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Traces, Faces, Places
Malileh Afnan's work appears 'as a relic of an older civilization or an archaeological excavation into the collective psyche. The delicacy of Persian miniatures and manuscripts, which she remembers from childhood, is mirrored in her love for intimate scale and the refined beauty of muted colour'. Calligraphy plays an important role: images appear that suggest the written word. Works on paper and tablets of painted plaster are reminiscent of ancient, almost obliterated texts, and like palimpsests, retain only some vestige of literal meaning and an impression of human contact. Afnan has absorbed both Middle Eastern and Western influences. She has looked towards such artists as Pollock, Rothko, Dubuffet and Klee, and shares an affinity with the American artist Mark Tobey, who helped arrange the first European exhibition of her work in 1971.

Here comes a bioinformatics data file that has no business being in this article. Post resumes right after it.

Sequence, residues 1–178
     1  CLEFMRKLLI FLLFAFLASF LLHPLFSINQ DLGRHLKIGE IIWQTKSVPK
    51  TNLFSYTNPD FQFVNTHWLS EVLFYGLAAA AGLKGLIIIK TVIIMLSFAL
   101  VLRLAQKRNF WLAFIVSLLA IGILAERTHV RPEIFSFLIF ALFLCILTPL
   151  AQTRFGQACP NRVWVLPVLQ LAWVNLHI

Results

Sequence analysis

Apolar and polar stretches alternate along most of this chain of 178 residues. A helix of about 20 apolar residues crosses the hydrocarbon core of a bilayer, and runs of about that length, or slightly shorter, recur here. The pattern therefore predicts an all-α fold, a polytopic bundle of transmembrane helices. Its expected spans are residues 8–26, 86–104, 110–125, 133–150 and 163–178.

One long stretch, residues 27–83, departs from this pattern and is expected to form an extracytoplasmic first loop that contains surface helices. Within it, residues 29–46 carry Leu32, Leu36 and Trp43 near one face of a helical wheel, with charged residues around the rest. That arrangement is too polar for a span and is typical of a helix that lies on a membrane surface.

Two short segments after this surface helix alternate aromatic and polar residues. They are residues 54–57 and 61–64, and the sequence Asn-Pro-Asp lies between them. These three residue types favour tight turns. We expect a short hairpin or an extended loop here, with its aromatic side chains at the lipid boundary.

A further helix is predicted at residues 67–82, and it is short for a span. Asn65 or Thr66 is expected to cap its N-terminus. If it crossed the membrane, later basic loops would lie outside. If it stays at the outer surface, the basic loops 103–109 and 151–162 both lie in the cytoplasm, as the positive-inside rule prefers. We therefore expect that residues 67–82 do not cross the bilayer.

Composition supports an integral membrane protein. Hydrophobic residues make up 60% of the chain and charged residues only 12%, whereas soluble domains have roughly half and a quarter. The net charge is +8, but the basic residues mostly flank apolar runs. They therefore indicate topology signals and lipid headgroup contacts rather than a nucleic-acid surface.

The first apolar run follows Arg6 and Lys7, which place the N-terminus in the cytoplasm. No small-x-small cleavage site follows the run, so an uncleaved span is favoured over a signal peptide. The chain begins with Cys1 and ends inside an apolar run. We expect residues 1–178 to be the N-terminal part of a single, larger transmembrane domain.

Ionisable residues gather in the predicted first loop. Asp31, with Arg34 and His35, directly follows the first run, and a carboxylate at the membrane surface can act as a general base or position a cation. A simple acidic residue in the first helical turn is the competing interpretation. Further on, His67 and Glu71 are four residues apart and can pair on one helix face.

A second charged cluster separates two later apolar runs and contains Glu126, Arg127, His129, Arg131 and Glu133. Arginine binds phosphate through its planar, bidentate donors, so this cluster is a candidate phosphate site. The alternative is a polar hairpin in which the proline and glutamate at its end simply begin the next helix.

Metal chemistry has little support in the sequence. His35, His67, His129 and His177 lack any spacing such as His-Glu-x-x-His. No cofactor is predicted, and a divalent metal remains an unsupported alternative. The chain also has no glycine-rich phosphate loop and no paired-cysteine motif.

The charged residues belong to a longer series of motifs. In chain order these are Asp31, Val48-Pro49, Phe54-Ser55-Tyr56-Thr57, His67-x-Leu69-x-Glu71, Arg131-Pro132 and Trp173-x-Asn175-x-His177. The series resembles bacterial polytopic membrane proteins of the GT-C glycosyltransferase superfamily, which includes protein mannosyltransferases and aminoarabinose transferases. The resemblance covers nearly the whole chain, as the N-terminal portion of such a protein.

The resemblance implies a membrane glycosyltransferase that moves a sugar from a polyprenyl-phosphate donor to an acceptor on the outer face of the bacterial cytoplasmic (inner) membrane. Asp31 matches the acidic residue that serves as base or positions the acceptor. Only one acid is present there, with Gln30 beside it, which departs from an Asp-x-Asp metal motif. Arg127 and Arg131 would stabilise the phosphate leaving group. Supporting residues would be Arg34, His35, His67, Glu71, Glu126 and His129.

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These images, made by hand, whisper. Whisper intimately. John Berger from the foreword Afnan's work reflects on what it means to survive and create within a system that has until now put artists from the Middle East at the periphery of the international art scene, with its emphasis on marketing rather than relevance to contemporary culture. She distances herself from the superficial with her mesmerising layers and mappings of patterns, repeated glyphs and ghostly outlines, which induce an almost trance-like state in the viewer. We are left with a sense of what it means to live in other times, in different places. In essence, Afnan's work is about memory, and her images of eroding traces, faces and places linger long in the memory. Rose Issa from her Preface to this volume. Maliheh Afnan has faith in time - her time. She is one of those contemplative artists who are totally aware of that 'right moment', which she calls 'the moment of grace'. Lutz Becker from his intoduction to this volume.